One seal was replaced where the top meets the window ($90).
The car came with only one remote and one key. A new remote and key from the dealer was about $400.
The power antenna must had to be repaired (<$200).
After over a year of trouble-free motoring, one of the timing chain guide rails failed causing one or more of the tensioners to fail, so the engine had to be replaced at 65,000 miles. The new engine has updated timing components that are not supposed to fail. This job would have been $12,000 if it weren't for the Select Edition warranty.
This is my grandmother's car. The car has been great with the exception of the timing chain failure. Fortunately, this was covered under the Select Edition warranty. She was aware when she got the car that this problem exists with Jaguars of this generation. There are usually some indicators before engine failure such as clicking noises or rough startups. She experienced none of these warning signs.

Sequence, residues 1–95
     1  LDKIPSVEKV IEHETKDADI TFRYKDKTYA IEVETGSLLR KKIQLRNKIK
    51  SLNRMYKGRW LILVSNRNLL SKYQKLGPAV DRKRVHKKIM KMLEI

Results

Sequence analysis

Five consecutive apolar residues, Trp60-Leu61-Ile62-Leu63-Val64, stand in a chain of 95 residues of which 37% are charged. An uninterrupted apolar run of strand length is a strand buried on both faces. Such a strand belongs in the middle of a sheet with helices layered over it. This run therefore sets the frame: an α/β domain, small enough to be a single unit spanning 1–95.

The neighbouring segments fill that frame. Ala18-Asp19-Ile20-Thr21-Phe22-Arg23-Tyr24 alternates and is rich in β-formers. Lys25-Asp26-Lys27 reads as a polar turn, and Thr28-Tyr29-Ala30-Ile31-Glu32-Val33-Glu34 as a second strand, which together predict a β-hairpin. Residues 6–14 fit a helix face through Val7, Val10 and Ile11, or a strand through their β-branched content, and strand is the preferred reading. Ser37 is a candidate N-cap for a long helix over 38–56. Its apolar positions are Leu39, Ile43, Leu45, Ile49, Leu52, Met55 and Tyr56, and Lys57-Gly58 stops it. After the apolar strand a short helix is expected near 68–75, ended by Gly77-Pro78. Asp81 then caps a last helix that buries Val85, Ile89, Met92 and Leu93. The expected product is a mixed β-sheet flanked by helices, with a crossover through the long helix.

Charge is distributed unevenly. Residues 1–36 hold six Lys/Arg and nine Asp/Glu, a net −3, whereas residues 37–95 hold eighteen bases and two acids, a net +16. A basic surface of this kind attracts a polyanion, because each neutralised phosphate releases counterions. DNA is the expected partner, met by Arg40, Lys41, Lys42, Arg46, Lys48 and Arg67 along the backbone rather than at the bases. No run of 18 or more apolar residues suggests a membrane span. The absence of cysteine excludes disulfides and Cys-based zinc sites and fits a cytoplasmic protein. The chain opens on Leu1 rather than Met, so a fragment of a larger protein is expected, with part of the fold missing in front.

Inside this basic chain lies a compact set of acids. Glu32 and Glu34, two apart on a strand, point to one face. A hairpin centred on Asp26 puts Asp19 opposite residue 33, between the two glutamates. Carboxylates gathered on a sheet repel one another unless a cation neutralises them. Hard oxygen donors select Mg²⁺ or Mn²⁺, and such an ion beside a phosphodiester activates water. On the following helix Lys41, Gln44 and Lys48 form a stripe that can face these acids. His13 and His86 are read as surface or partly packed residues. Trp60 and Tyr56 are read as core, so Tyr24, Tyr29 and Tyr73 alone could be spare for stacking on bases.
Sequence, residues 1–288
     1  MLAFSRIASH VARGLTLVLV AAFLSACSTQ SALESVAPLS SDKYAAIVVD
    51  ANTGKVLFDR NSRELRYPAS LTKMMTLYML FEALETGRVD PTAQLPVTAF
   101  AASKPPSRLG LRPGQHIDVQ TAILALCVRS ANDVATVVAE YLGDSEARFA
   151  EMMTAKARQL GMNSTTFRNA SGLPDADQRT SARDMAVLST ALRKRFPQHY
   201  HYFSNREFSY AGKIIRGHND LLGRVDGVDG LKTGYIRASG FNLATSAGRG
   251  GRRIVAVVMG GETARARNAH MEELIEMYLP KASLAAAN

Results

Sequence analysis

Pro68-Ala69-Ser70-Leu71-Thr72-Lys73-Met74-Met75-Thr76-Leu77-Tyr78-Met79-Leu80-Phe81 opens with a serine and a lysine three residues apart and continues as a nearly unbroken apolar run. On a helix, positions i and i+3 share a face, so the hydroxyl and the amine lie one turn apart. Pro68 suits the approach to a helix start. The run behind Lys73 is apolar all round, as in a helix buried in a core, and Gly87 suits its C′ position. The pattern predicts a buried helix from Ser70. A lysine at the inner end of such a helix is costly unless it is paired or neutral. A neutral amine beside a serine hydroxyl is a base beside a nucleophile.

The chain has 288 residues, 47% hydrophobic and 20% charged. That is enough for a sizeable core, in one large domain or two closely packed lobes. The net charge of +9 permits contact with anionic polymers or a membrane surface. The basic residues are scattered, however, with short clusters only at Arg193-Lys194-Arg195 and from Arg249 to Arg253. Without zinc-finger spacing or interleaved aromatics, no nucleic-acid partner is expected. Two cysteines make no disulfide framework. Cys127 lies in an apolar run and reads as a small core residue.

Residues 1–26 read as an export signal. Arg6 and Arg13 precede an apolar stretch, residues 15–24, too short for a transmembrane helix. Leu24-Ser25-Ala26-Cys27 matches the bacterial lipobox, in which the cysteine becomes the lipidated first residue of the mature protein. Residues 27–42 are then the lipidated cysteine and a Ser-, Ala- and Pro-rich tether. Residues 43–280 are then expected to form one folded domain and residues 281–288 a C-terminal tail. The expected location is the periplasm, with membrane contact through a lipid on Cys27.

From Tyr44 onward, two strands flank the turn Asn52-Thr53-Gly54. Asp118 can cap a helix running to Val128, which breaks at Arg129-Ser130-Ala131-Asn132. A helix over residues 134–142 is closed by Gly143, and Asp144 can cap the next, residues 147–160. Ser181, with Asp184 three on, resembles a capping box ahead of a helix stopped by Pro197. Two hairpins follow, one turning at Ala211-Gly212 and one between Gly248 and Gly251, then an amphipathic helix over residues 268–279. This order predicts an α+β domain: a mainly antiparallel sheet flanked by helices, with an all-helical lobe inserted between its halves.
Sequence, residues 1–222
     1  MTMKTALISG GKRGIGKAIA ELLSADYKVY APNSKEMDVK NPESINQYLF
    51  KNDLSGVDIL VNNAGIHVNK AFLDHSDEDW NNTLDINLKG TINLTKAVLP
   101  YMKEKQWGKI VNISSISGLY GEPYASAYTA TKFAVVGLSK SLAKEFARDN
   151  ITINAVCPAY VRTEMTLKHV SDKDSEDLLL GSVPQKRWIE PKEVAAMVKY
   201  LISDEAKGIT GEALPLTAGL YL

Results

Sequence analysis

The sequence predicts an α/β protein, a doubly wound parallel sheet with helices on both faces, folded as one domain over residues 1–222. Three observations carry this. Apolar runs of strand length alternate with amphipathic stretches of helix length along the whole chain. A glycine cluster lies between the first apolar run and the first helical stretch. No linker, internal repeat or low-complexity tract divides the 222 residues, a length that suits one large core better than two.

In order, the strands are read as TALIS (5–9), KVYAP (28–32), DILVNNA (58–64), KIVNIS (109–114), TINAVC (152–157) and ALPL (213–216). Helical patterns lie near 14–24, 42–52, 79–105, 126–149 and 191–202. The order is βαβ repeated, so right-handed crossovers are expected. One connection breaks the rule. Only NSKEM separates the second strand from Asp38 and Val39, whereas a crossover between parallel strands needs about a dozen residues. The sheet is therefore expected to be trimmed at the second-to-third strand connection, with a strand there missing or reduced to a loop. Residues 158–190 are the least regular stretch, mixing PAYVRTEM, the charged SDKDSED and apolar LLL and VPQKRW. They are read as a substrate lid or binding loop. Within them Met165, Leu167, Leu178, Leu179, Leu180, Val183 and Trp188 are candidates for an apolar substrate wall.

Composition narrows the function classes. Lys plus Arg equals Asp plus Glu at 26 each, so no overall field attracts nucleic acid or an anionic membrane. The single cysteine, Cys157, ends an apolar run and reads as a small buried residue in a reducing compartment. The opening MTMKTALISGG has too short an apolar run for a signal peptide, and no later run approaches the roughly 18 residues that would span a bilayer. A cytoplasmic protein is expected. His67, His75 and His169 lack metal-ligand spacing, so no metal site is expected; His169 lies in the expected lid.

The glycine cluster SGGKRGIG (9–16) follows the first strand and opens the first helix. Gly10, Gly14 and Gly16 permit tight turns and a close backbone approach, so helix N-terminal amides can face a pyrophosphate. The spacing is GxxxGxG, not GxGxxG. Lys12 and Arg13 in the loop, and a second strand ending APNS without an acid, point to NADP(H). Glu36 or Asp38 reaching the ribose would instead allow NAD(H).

If buying one of these cars, I would strongly recommend having the "third generation" timing parts installed as a preventive measure if it has not already been done. The preventive work costs $2,800 at a Jaguar dealer versus $12,000 for engine replacement.
The interior of this car is cozy and has a lot of nice features. The materials are top-shelf and the controls are well-designed. The Jag is very fun to drive and looks most dashing in British Racing Green with the Camel top.
I feel that this car is much safer for my grandmother than the Mustang convertible that she had before. The Jaguar has been a very reliable car with the one exception and is still her favorite car that she has ever had. The dealer, Jaguar Hilton Head, has been wonderful in helping her with the car and provided an S-Type 4.2 loaner without delay when the car had to stay overnight unexpectedly.